Feds nudge colleges to go “beyond the box”

1024px-US-DeptOfEducation-Seal.svgThe Department of Education (DOE) is asking colleges and universities to reconsider the use of criminal record inquiries on admissions applications in a new report released on Monday. The report, Beyond the Box: Increasing Access to Higher Education for Justice-Involved Individuals, looks at how broad inquiries into applicants’ criminal histories may deter people with criminal records from applying for post-secondary educational opportunities.  It also suggests steps schools can take to ensure that their admission processes promote second chances for qualified applicants with criminal records, including banning the box on initial applications.

According to the report, “A survey of postsecondary institutions found that 66 percent of them collect CJI [criminal justice information] for all prospective students, and another 5 percent request CJI only for some students.”   The Common Application, a uniform application used by nearly 700 schools, has since 2006 asked whether a person has been convicted of a misdemeanor or felony, “or other crime.”   Some schools that use the Common Application allow applicants to opt out of disclosure, or delay criminal history inquiries until a preliminary admissions decision has been made.  Other schools use their own non-standard applications which may require disclosure of convictions, arrests, or mere allegations of misconduct.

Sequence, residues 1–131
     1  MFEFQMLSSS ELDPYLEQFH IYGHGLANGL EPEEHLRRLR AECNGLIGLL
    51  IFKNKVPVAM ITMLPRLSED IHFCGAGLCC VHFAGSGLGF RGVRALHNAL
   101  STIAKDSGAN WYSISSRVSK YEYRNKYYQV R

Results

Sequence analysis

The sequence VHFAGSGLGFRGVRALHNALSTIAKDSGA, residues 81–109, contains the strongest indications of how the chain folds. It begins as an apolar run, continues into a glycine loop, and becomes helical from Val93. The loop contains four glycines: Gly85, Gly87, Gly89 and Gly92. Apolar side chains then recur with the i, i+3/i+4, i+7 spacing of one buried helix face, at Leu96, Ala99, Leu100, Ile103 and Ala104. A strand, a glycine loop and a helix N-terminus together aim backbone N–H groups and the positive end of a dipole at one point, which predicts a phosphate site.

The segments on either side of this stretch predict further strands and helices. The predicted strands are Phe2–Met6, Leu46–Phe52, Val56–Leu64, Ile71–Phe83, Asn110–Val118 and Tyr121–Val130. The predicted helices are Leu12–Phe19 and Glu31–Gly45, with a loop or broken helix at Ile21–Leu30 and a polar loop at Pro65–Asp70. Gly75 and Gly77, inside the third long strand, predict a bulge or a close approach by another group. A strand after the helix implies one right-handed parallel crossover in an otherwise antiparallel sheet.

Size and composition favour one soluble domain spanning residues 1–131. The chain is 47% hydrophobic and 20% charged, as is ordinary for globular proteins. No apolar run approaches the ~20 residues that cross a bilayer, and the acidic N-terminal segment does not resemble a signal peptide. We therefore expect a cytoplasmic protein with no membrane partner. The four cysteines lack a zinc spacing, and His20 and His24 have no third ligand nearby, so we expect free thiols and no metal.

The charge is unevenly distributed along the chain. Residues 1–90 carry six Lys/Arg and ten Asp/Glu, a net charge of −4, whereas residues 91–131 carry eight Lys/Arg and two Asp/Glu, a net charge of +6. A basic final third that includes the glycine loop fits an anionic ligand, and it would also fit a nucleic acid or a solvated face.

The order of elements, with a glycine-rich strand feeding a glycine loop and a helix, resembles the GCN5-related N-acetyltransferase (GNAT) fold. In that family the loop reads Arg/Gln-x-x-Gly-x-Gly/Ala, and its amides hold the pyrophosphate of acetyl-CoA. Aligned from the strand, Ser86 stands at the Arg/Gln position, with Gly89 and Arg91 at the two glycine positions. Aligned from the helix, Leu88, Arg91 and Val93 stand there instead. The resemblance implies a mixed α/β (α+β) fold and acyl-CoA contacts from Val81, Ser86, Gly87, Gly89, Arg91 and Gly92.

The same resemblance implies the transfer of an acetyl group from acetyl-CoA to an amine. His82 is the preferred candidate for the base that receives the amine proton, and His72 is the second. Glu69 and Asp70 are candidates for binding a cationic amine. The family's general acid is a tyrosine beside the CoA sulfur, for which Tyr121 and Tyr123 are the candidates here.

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NYT says NO to “the other f-word,” and YES to Gov. McAuliffe

08sun1-master768The New York Times has two great Sunday editorials on issues relating to collateral consequences.  One deals with the issue of labeling people with a criminal record, of special concern when headline writers seem unable to resist using what Bill Keller at the Marshall Project recently called “the other F-word.”  The editorial points out that ugly demeaning labels like “convict” and “felon” are “an unfair life sentence.”  Let us hope the message reaches newsrooms across the country, and that journalists (especially headline writers) will find another way of describing people with a criminal record.

The Times also has another very fine editorial on Virginia Governor McAuliffe’s restoration of the vote to more than 200,000 individuals, pointing out that his authority under the Virginia Constitution is indisputable.

A very good day for the editorial staff of the Gray Lady, whose editorial page is setting an example of enlightened thinking about criminal law issues – notably including the collateral consequences of conviction.

Justice Department (or part of it) will no longer use the “f-word”